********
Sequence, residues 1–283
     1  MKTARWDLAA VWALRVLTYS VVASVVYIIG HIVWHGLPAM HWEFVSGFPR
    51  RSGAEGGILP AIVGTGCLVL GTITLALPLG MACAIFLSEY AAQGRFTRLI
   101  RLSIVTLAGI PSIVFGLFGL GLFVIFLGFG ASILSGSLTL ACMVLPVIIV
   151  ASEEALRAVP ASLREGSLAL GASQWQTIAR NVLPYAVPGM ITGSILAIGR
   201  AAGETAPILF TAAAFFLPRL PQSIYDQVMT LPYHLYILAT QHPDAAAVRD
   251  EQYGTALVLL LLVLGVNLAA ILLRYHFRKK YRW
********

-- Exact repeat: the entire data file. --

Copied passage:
Sequence, residues 1–283
     1  MKTARWDLAA VWALRVLTYS VVASVVYIIG HIVWHGLPAM HWEFVSGFPR
    51  RSGAEGGILP AIVGTGCLVL GTITLALPLG MACAIFLSEY AAQGRFTRLI
   101  RLSIVTLAGI PSIVFGLFGL GLFVIFLGFG ASILSGSLTL ACMVLPVIIV
   151  ASEEALRAVP ASLREGSLAL GASQWQTIAR NVLPYAVPGM ITGSILAIGR
   201  AAGETAPILF TAAAFFLPRL PQSIYDQVMT LPYHLYILAT QHPDAAAVRD
   251  EQYGTALVLL LLVLGVNLAA ILLRYHFRKK YRW